Think Freely Media presents Common Sense with Paul Jacob

Only Make Believe

schools, education, students, standards, suspension, punishment, discipline

Problems can be solved. But for those lacking the merest clue how to solve a given problem . . . alternatives exist.

Books can be cooked to pretend the problem no longer exists. And perhaps to fool others.

A series of articles in the Washington Post highlights the effort to reduce the rate by which city schools suspend students for misbehavior. The good news? “D.C. Public Schools has reported a dramatic decline in suspensions at a time when school systems around the country have been under pressure to take a less punitive approach to discipline.”

Results? A whopping 40-percent decline.

The bad news?

A Post investigation found that “at least seven of the city’s 18 high schools have kicked students out of school for misbehaving without calling it a suspension and in some cases even marked them present.” In those schools, “most suspensions were not reported.”*

The Post further uncovered documentation showing that “DCPS officials knew students were being sent home without documentation at least as early as 2010.”

It brings to mind the recent scandal in Prince George’s County (Maryland) Public Schools, where a dramatic announcement that the county increased its student graduation rate faster than any other county . . . was followed by an investigation into grade tampering by school administration officials, which numerous teachers have alleged.

It is also reminscent of the systematic cheating on standardized tests in Atlanta — and across the nation.

Hiding the truth, cheating on tests, lying about results . . . not the actions of a system teaching kids a love of truth.

This is Common Sense. I’m Paul Jacob.

 

* Seven schools’ emails show that students spent a total of 406 days in suspension in January 2016. Officially recorded? Only 15 percent.


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Illustration based on a photo by Tod Baker

By: CS Admin

6 Comments

  1. drrik says:

    To paraphrase Stalin: it matters not what the real votes are. It only matters how they are counted.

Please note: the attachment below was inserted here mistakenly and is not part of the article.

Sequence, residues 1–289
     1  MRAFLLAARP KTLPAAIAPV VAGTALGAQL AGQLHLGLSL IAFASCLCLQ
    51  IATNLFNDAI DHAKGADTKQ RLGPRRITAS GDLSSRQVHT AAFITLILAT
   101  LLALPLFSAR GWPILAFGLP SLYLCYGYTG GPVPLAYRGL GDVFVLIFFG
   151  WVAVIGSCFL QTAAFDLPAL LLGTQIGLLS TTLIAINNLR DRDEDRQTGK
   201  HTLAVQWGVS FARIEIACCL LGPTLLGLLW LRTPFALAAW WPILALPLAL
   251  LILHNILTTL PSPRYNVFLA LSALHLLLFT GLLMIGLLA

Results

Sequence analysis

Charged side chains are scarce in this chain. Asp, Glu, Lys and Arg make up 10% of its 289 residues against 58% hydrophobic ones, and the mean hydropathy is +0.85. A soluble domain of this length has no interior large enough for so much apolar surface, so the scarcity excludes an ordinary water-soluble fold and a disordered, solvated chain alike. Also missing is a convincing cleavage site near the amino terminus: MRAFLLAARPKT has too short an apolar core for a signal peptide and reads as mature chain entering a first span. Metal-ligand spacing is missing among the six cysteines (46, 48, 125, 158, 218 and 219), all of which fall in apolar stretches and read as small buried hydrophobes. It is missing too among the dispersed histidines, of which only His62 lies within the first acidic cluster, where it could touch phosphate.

2. JFB says:

    When irrelevant or impossible standards are set, or meaningless comparisons are made, especially if they are used for funding decisions, definition and classification slides and shifts for reporting purposes are minor symptoms. In Michigan school districts have been known to provide gifts, actual remuneration and other incentives for students attending on census count days (where the student count determines state funding).
    The reality is that educating the offspring of the War on the Impoverished is much more difficult and expensive than students in districts where the society is still reasonably intact. No school system alone can fully counter the disaster which has been created by the unintended consequences of the “good hearted” social programs.
    These realities are known to all rational and critical thinkers, but cannot be admitted or mentioned because they are not politically correct. Until the country and its leadership are willing to focus on the cause the problems and disparities will not only remain, they will be exacerbated and spread.

  3. Golfnut6 says:

    My favorite corruption of the government schools is the expression “teaching to the test”. Is that bad?
    Probably. Does that mean making sure to cover the subjects thought to be important educational goals by the test creators? No. It means keeping and using prior year copies of the test and pounding those questions and answers into their little brains.

    • John F Brennan says:

      “Teaching to the test” is a true abomination. It is equivalent to storing data is a memory stick as opposed to programming the processor in a computer. Data storage is not the goal. Education’s goal must be the development of critical and logical thought processes for use when the person is presented with data. 
      All simple data is past tense, and it must be studied and processed for use in the present and future for improvement and in order to discourage the repetition of past mistakes. 
      Schools, as a result of the management and administrative measures currently being used, and actually being motivated not to perform their primary and most important function. 

  4. Brian Wright says:

    Separate government and schools/education for the same reason to separate church and state. Government schooling, like slavery, is barbaric. http://bit.ly/2u2665R_Democracy_Kids.

  5. Not So Free says:

    The further government gets into the schools, the worse things get.
    Unfortunately, it is nothing new.

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